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UBC Theses and Dissertations

Enzymatic harvesting of glycosyl phosphatidylinositol anchored recombinant proteins from mammalian cells Sunderji, Rumina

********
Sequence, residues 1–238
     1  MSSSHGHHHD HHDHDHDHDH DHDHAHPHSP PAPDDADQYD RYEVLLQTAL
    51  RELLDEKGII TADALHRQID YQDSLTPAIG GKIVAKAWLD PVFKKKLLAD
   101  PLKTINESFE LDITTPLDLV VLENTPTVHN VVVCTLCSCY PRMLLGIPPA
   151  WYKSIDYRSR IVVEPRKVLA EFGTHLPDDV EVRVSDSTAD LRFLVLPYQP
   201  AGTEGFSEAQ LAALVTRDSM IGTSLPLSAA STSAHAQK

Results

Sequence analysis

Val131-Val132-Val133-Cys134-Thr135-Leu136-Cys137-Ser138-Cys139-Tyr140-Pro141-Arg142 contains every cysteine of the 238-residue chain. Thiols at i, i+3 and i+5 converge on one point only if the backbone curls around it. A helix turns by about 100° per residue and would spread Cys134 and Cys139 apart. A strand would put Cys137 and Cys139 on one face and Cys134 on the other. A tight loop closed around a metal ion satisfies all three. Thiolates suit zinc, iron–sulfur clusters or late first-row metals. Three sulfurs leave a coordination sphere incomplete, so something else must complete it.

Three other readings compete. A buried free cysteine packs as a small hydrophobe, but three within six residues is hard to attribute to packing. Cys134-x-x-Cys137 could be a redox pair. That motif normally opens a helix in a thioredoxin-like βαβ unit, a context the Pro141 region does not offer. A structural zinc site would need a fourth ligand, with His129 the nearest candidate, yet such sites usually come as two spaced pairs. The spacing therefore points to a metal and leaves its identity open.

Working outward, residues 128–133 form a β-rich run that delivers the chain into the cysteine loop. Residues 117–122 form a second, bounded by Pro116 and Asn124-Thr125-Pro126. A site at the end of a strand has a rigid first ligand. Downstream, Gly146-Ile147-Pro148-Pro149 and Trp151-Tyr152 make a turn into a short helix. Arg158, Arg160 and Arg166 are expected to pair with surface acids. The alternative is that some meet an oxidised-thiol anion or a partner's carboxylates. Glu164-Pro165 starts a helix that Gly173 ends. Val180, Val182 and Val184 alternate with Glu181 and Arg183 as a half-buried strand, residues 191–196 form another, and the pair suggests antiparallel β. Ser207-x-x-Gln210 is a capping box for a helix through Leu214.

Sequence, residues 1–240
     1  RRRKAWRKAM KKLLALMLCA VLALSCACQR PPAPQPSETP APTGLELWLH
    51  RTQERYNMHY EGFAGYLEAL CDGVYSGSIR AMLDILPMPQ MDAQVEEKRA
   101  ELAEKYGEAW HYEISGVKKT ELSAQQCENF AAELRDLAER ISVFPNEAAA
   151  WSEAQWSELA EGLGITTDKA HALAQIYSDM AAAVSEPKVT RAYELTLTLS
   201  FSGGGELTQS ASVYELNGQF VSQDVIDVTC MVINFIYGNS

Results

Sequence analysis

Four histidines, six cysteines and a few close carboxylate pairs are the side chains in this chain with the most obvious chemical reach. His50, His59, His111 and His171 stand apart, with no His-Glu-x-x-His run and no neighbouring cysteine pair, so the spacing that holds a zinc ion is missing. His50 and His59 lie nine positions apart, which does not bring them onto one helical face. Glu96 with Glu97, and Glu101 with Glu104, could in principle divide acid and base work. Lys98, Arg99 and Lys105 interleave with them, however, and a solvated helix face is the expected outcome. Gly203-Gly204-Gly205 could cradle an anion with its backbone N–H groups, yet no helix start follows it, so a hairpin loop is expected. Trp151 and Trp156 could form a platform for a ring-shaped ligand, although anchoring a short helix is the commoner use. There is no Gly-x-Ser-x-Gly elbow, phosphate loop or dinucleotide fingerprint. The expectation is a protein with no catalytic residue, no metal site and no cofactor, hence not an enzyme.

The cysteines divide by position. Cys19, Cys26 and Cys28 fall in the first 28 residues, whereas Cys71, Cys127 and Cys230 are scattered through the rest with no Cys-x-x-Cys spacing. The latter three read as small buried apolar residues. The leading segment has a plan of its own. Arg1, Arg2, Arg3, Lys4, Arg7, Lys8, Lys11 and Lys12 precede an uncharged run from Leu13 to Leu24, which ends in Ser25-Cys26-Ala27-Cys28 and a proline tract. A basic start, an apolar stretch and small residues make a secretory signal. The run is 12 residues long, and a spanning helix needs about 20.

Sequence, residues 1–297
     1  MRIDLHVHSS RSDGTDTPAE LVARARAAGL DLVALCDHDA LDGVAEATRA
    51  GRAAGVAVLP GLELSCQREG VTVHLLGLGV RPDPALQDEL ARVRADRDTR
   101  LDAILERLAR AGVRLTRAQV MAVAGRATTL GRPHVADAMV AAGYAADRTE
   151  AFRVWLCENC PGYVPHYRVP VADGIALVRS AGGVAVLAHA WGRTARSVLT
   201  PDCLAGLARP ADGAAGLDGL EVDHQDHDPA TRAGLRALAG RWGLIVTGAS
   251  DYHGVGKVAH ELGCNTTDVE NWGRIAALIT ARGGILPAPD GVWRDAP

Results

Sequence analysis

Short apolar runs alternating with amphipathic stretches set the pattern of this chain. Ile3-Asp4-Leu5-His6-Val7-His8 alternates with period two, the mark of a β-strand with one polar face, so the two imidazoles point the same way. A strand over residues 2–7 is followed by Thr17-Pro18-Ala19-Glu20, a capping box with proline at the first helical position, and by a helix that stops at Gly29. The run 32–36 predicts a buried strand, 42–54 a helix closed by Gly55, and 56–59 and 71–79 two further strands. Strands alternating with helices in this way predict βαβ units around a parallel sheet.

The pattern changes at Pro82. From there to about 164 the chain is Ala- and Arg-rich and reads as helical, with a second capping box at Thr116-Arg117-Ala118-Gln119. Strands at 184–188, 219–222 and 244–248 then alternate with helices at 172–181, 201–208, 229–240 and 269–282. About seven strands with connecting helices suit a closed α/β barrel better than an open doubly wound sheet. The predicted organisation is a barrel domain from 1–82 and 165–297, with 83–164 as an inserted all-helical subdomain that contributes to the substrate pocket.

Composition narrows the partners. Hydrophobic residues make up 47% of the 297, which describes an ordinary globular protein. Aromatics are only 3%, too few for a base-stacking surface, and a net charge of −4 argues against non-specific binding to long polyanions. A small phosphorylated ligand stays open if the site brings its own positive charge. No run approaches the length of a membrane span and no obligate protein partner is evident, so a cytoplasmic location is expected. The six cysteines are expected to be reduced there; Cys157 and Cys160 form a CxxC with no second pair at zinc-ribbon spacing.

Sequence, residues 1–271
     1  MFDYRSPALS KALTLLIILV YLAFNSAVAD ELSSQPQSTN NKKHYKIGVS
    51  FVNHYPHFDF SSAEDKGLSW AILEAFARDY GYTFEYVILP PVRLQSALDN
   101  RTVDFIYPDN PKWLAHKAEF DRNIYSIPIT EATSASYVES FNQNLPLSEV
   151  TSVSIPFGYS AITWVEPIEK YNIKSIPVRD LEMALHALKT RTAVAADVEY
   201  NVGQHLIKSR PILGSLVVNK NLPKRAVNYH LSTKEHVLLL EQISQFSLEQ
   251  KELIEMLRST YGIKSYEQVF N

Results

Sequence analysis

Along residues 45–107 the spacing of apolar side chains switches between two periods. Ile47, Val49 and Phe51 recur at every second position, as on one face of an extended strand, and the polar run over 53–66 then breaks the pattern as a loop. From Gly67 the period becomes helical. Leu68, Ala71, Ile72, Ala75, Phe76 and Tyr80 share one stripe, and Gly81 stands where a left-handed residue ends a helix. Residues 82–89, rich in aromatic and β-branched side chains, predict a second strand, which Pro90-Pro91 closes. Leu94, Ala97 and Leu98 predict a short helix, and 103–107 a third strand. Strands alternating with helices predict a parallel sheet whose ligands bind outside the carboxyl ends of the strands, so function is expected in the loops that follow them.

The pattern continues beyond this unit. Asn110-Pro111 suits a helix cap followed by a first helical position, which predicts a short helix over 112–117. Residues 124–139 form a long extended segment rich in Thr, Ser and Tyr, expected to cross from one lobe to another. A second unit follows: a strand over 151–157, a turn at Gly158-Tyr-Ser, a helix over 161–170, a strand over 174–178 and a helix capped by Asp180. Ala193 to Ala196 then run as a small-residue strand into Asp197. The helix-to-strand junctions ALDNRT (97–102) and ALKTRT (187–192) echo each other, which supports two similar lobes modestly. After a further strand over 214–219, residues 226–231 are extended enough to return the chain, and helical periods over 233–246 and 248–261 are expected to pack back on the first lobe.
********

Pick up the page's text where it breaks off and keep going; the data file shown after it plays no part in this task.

Controlled release of recombinant proteins from mammalian cells enables protein product harvesting at increased concentrations and purity by separating protein expression from the protein recovery. The chinese hamster ovary (CHO) cell line investigated was genetically engineered to express glycosyl phosphatidylinositol (GPI) anchored human melanoma antigen p97 on the outer surface of the cell membrane. At intervals the cells were treated with a phosphatidylinositol phospholipase C (PT-PLC) harvest solution to selectively cleave the GPI anchor and recover the protein at high concentration and purity (cyclic harvesting). The growth of the recombinant CHO cells was investigated in the serum-free media CHO-S-SFM I, CHO-S-SFM II, HBCHO, DMEMJF12 and Ham’s F12. CHO-S-SFM II supplemented with DNase and CHO-S-SFM I achieved single suspension cells at high densities (approximately 6x10⁶ cells/mL). CHO-S-SFM I was selected for all further investigations. A repeated harvesting technique which involved re-using the PT-PLC enzyme solution to harvest separate batches of cells was investigated. This approach further increased the concentration of the desired protein product after each harvest. Preliminary repeated harvesting experiments recovered 140 ɥ/mL p97 from 7 harvests of 10⁸ cells each. The first harvest recovered approximately 60 jig/mL p97, therefore theoretically 7 harvests should have recovered 420 ɥ/mL. Since this process did not achieve the expected concentrations, the stability of p97 and PT-PLC were investigated. However, p97 was found to be stable at 37 °C in the harvesting medium (PBS with I mg/mL BSA) for 24 h. Since a suitable assay for P1-PLC was not available, a new PT-PLC assay was developed. PT-PLC was stable at 37 °C for a period of 14 days. PT-PLC and p97 were also stable in the pH range of 6.0 - 7.9. Instability of the proteins involved in the harvesting process was not the cause for the low product concentrations recovered from repeated harvesting. Loss of P1-PLC due to adsorption to the cells was studied. An equilibrium was established between P1-PLC in solution and P1-PLC adsorbed to the cell surface within 3 minutes. Since PT-PLC was adsorbed to each batch of cells in the repeated harvesting process, enzyme was removed with the cells after each harvest. Therefore loss of PT-PLC by adsorption was considered the cause for the reduced protein recovery. The repeated harvesting process was repeated with PT-PLC replenishment after each harvest. Addition of 30 or 300 mU/mL PT-PLC recovered respectively 294 or 343 ig/mL p97 from 5 consecutive harvests. The estimated purity of p9’7, based on total protein, was approximately 30 %. A continuous harvesting process was also investigated. This approach involved addition of PT-PLC to the growth medium resulting in the continuous release of p97 into the medium. The continuous harvesting process was carried out simultaneously with 0, 3 and 30 mU/niL PT-PLC. The 0 mU/niL PT-PLC control produced approximately 3.8 ɥ/mL p97 in a batch culture of 11 days. During the same period of time cultures with 3 and 30 mU/niL P1-PLC yielded 11.6 and 15.3 ɥ/mL p97 respectively. For the continuous harvesting process at 30 mU/niL PT-PLC the p97 productivity was 5.75x10⁻⁷ fig/cell-day or approximately 2-fold higher than that achieved by the cyclic and repeated harvesting processes. However, the repeated harvesting process used approximately 10 times less PT-PLC and recovered 20-fold higher p97 concentrations.

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